Last year, former Destructoid editor Chad Concelmo and I spoke with Harvest Moon creator Yasuhiro Wada about his latest game, codenamed "Project Happiness." Hoping to take the lifestyle sim to the next level, he envisioned a small town where you serve as a shopkeeper, slowly bringing happiness to the people's lives and forming close-knit bonds.
"Project Happiness" has been re-branded as Hometown Story and is on its way to the 3DS later this year. Natsume is handling publishing duties in the US, so I swung by the booth to give the game a go.
Oh, and did you know that both Final Fantasy composer Nobuo Uematsu and Pokémon character designer Atsuko Nishida are involved in this?
One look at the people and the adorable little critters that populate Hometown Story and you can immediately see the Pokémon connection. I wish I could say the same about the music and Uematsu's magic touch, but the show floor was too loud for me to make out anything.
After you customize and name your male or female character, you'll be treated to a cutscene in which you receive a letter from your hometown stating that your "grams" is "gone" and that you must take over her shop. "Gone"? Is she dead? Did she go on an extended vacation? Never mind, because you've go an obligation to fulfill.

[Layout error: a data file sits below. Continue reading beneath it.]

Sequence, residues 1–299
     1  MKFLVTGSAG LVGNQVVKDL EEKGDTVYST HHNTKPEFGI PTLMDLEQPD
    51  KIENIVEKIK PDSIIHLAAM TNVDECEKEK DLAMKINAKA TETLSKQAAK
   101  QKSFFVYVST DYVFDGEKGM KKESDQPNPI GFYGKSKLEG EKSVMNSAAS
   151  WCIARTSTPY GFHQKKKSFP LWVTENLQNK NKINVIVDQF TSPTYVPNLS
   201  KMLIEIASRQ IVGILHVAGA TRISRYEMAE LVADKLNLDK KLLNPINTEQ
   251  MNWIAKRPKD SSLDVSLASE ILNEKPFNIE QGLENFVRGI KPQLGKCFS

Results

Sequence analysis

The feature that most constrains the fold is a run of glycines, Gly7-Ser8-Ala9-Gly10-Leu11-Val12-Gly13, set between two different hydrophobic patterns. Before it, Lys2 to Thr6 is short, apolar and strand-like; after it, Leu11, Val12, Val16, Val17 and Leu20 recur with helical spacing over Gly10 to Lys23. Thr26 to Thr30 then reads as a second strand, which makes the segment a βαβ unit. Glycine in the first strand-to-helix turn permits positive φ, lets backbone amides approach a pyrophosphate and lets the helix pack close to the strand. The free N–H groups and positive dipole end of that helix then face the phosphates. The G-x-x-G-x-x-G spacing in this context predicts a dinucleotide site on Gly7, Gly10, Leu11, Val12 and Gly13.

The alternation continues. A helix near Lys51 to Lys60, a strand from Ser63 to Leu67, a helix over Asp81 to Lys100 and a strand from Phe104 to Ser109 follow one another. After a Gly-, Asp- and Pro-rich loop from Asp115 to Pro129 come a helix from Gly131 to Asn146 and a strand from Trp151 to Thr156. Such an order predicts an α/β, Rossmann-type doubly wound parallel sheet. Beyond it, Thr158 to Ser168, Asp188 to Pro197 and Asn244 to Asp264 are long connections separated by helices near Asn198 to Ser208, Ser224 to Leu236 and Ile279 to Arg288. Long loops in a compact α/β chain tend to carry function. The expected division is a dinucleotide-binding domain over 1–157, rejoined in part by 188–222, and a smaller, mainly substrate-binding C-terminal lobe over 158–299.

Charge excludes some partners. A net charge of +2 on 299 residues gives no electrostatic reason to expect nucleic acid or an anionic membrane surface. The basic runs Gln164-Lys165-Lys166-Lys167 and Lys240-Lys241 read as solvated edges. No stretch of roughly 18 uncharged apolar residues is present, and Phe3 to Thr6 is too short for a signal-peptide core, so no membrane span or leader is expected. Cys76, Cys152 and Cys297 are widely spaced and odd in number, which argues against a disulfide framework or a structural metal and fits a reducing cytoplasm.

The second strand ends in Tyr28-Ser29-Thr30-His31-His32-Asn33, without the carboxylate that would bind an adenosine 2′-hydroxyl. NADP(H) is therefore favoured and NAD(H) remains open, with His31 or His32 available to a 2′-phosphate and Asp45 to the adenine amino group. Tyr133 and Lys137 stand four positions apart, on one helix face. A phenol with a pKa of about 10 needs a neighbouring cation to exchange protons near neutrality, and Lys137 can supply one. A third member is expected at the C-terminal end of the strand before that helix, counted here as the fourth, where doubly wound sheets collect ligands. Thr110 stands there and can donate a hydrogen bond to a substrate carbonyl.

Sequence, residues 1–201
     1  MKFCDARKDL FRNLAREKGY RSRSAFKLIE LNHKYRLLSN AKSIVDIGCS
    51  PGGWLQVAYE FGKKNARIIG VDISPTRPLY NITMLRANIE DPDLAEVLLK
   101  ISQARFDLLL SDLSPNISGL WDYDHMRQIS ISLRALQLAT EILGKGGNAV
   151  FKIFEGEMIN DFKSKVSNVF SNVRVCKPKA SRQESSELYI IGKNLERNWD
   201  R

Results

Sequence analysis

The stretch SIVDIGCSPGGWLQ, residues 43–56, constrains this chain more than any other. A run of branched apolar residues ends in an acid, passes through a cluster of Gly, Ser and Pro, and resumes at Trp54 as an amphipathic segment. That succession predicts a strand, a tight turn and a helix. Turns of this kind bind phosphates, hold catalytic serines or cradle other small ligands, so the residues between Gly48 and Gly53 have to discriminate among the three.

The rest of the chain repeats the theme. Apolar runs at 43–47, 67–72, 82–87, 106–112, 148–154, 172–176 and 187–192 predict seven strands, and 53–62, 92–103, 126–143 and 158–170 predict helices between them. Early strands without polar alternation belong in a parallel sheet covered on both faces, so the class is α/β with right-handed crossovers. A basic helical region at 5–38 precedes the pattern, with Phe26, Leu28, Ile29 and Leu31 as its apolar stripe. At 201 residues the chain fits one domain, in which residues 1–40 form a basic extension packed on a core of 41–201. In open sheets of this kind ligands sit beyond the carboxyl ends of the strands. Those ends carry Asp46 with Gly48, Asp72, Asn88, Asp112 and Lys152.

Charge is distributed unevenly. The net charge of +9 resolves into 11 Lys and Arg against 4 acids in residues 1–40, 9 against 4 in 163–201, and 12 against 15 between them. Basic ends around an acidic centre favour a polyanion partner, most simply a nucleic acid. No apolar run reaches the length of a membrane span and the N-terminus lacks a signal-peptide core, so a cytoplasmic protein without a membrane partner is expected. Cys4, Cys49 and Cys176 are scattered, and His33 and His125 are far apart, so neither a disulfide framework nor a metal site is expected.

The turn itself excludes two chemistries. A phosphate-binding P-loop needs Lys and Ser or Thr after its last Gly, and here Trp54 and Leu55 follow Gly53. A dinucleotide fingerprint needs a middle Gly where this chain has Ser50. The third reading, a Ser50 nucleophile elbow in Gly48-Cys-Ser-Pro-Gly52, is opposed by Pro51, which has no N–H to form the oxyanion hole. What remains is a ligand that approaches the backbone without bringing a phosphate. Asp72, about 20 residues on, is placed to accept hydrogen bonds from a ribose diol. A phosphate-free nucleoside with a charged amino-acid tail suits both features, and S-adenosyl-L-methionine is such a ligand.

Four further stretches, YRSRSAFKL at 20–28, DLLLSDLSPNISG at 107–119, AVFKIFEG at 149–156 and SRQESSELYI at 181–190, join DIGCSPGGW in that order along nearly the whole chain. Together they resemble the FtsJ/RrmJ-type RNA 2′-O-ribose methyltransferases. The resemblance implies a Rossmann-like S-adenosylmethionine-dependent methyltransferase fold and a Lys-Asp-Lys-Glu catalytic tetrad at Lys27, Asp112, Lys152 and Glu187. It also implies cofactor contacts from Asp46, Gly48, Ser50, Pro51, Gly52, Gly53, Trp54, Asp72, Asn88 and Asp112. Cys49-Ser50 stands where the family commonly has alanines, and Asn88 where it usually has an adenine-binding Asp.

You make it to your grandmother's store to find a fluffy pink sprite named Pochica manning the place to the best of her (his? its?) abilities. Unfortunately, the poor thing can't stock the shelves, hence why you were summoned.
Thus begin your days as a shopkeeper. First order of business is to set up a shelf. You select one from the menu and drop it in the corner. Then you place a single egg from your inventory onto the shelf, and viola! You've got one item for sale! Time to open shop!
As customers start pouring in, you must plant more shelves and set more items upon them. You can select from a variety of items, such as food and decorative artifacts, and you can even mark their prices up or down in order to attract more buyers or earn more profit. By speaking with customers, you can find out their likes and dislikes and tailor your selections to their liking.
If you don't wish to tend the store, you can walk around the town and chat with the residents, who will ask you to hang out with them some time or ask some request. I didn't have an opportunity to see what would happen next, as it was time for me to head out of the booth.
Though you can control some actions on the touchscreen, you are required to push buttons for most, and those touch actions can likewise be performed more effectively with the buttons. I was also having trouble with a few menu commands that were curiously grayed out. Little bugs to be fixed, I suppose.
With such a limited hands-on, I've yet to experience the big emotional connections being promised. As more news about Hometown Story appears, perhaps we'll get a better picture.
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